An animation clip is a collection of transform tracks. Each track describes the motion of one joint over time. All the tracks combined describe the motion of the animated model over time. When an animation clip is sampled, it yields a Pose object.

For a basic clip class, all we really need is a vector of Transform Tracks. Because each transform tracks contain the id of the joint it effects, we can have a minimal number of tracks per clip. We also want to keep track of some meta-data like the name of the clip, whether or not the clip is looping and information about the time or duration of the clip.

class Clip {
    std::vector<TransformTrack> mTracks;
    std::string mName;
    float mStartTime;
    float mEndTime;
    bool mLooping;
// Rest of the class

The cahced start and end times of the Clip class are calculated similar to the cached start and end times of the TransformTrack class. Any time any track contained within a clip changes, the cached times must be re-calculated. The start time is the lowest start time of the transform tracks contained in the animation clip. Similarly, the end time is the largest end time of the transform tracks.

When sampling a Clip, there is no guarantee that the requested time will be within the start and end times of the clip. To deal with this, we implement a helper function that adjusts the provided time to be within the range of the current animation clip. The Sample function will call Clip::AdjustTimeToFitRange on the input time and return the adjusted time.

float Clip::AdjustTimeToFitRange(float inTime) {
    if (mLooping) {
        float duration = mEndTime - mStartTime;
        if (duration <= 0) {
            return 0.0f;
        inTime = fmodf(inTime - mStartTime, mEndTime - mStartTime);
        if (inTime < 0.0f) {
            inTime += mEndTime - mStartTime;
        inTime = inTime + mStartTime;
    else {
        if (inTime < mStartTime) {
            inTime = mStartTime;
        if (inTime > mEndTime) {
            inTime = mEndTime;
    return inTime;

The Sample function loops trough every track in the current clip. Each Transform Track is then sampled, and the resulting transform is stored in the output pose. When sampling the track, the local transform of the pose is used as the reference transform. This way, if a track only rotates a joint, only the rotation component changes.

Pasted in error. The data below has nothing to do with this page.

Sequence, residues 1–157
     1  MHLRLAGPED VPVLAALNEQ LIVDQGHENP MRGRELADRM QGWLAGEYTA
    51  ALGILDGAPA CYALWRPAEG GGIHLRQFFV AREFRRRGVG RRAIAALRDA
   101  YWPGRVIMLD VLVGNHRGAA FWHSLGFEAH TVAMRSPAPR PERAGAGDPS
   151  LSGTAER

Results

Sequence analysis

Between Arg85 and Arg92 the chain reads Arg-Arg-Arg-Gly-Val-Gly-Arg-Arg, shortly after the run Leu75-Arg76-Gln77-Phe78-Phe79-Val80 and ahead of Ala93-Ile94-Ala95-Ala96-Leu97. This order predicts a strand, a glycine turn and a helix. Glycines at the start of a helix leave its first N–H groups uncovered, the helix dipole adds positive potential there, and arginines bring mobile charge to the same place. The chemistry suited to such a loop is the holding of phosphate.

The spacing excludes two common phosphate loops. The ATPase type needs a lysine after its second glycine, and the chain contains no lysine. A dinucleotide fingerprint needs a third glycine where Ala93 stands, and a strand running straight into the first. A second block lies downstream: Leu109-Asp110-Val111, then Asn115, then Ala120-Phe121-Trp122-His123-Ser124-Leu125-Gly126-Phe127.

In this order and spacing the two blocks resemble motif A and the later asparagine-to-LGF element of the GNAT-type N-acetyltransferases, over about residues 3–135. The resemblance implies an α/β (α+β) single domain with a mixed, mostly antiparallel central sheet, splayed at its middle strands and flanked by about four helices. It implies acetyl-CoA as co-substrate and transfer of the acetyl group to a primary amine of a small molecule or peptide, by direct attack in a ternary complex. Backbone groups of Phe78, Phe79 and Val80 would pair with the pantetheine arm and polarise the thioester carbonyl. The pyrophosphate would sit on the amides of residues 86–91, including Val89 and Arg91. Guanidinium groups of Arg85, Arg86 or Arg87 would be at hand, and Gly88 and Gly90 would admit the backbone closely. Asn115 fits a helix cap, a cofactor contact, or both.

float Clip::Sample(Pose& outPose, float time) {
    if (GetDuration() == 0.0f) {
        return 0.0f;
    time = AdjustTimeToFitRange(time);

    unsigned int size = mTracks.size();
    for (unsigned int i = 0; i < size; ++i) {
        unsigned int joint = mTracks[i].GetId();
        Transform reference = outPose.GetLocalTransform(joint);
        Transform animated = mTracks[i].Sample(reference, time, mLooping);
        outPose.SetLocalTransform(joint, animated);
    return time;

Loading Clips

Animation clips are typically loaded from some file created using a 3D content creation application like Maya. The most common file formats are: collada, fbx, and glTF. In Hands-On C++ Game Animation Programming, animation data is loaded from glTF files using cgltf.

Poses for animating a hierarchy

There are two poses to be aware of for animating a hierarchy. These are the rest pose and the animated pose. The rest pose is a reference pose, it's the pose everything is being animated from. The animated pose is the result of sampling an animation clip.

The naming convention for these poses is not standard. Different animation systems and content creation tools might call these poses different names. One big point of confusion is the difference between rest and bind pose. In an ideal world, i think the rest and bind poses should always be the same. 3D content creation tools disagree.

Often the difficulty in animation programming is working with the different terminology that different standards and application use. To animate a hierarchy (without displaying a skinned mesh), the only poses we will need are the rest pose and animated pose.